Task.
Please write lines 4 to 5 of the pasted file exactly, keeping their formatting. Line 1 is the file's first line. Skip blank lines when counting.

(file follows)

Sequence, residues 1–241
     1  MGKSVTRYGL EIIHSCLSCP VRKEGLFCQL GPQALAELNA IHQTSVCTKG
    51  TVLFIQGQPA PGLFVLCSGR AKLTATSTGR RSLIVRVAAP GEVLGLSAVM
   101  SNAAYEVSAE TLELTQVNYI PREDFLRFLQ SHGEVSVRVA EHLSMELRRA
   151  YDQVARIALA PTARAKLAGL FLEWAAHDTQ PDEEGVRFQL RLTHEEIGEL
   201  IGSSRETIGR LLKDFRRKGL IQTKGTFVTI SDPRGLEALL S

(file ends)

   101  SNAAYEVSAE TLELTQVNYI PREDFLRFLQ SHGEVSVRVA EHLSMELRRA
   151  YDQVARIALA PTARAKLAGL FLEWAAHDTQ PDEEGVRFQL RLTHEEIGEL